What Causes Tendonitis?
Tendonitis most often occurs when repetitive motions put excessive stress on the tendons, causing them to become inflamed. Whether a person is participating in sports like skiing or tennis, or hobbies like gardening or painting, repetitive movements can cause tendonitis to develop over time. Office work activities are another frequent cause of tendonitis.
The likelihood of developing tendonitis increases with age because the tendons lose their elasticity over time. People who increase the intensity of their exercise without proper stretching or conditioning are also more likely to develop tendonitis.
Tendonitis may also be caused by a sudden injury, or by stresses from other conditions like arthritis, gout, or thyroid disorders.
Tendonitis at a glance:
- Tendonitis (also known as tendinitis) is inflammation of the tendon (the fibrous cord of tissue that connects muscle to bone).
- Tendonitis frequently occurs in the heels, knees, shoulders, wrists, and elbows.
- Tendonitis is caused by the stress put on the tendons from repetitive motions.
- Symptoms of tendonitis typically include pain, stiffness, tenderness, and mild swelling around the tendon and surrounding area.
- Treatment for tendonitis usually includes the RICE protocol (rest, ice, compression, and elevation of the injured area,) along with over-the-counter anti-inflammatory drugs like ibuprofen or aspirin.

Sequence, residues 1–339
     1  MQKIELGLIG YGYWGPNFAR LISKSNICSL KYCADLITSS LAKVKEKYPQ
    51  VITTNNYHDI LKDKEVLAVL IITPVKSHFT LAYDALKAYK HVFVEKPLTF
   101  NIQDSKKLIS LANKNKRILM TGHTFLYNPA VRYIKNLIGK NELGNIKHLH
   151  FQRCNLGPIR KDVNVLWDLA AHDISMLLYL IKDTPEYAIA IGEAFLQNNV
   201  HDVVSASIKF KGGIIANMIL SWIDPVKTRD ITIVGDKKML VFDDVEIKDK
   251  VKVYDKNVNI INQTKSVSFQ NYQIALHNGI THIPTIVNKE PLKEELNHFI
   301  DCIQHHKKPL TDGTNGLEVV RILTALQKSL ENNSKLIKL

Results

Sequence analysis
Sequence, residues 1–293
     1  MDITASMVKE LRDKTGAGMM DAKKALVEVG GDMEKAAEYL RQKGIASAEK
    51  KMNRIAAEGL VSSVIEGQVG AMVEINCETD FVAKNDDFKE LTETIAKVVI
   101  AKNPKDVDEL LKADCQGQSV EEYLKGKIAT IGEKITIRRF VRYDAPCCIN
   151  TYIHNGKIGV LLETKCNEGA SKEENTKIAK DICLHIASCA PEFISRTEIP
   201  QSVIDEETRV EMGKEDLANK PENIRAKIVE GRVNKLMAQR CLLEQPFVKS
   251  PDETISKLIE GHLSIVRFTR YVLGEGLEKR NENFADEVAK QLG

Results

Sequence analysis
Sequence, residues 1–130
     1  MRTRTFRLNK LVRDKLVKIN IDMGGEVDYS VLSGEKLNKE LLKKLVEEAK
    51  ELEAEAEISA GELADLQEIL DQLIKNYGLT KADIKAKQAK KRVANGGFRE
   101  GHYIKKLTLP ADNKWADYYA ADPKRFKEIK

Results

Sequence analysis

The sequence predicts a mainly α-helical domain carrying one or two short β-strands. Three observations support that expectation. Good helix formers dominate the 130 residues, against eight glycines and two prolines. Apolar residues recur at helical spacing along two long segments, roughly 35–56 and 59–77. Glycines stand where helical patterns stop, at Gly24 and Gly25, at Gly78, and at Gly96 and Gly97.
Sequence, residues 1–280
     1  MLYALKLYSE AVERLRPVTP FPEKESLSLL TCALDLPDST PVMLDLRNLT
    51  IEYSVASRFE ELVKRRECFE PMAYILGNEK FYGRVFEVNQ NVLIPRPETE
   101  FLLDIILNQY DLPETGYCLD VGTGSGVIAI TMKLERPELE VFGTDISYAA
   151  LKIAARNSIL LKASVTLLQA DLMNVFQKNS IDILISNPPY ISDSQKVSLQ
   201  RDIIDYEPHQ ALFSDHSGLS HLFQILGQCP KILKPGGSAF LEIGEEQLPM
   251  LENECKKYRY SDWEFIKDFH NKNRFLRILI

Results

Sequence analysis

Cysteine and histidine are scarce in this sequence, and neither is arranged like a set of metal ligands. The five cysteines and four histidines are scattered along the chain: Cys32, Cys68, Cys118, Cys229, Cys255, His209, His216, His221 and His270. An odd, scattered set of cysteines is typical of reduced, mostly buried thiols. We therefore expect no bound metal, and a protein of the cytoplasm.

Symptoms of Tendonitis
Typical symptoms of tendonitis include:
- Pain or tenderness near the joint, sometimes described as a dull ache
- Mild swelling
The pain associated with tendonitis may develop over time, or be sudden and severe.
In most cases, the symptoms of tendonitis will go away in seven to ten days with rest and home care. However, if left untreated, the symptoms of tendonitis may worsen and become chronic.
Treatment of Tendonitis
Tendonitis often responds well to home treatment. The RICE protocol – rest, ice, compression, and elevation of the affected joint – will help relieve the pain and swelling, as will over-the-counter pain medication.
A physician may recommend corticosteroid injections to reduce pain and inflammation, although this treatment must be used infrequently to avoid weakening the tendon and making it more prone to rupture.
Physical therapy exercises can help to stretch and strengthen the affected tendon and muscle. Learning the correct technique for sports activities or adjusting the arrangement of the workspace may help minimize the amount of stress placed on the tendons.
In severe cases of tendonitis that do not respond to other treatments, surgery may be necessary.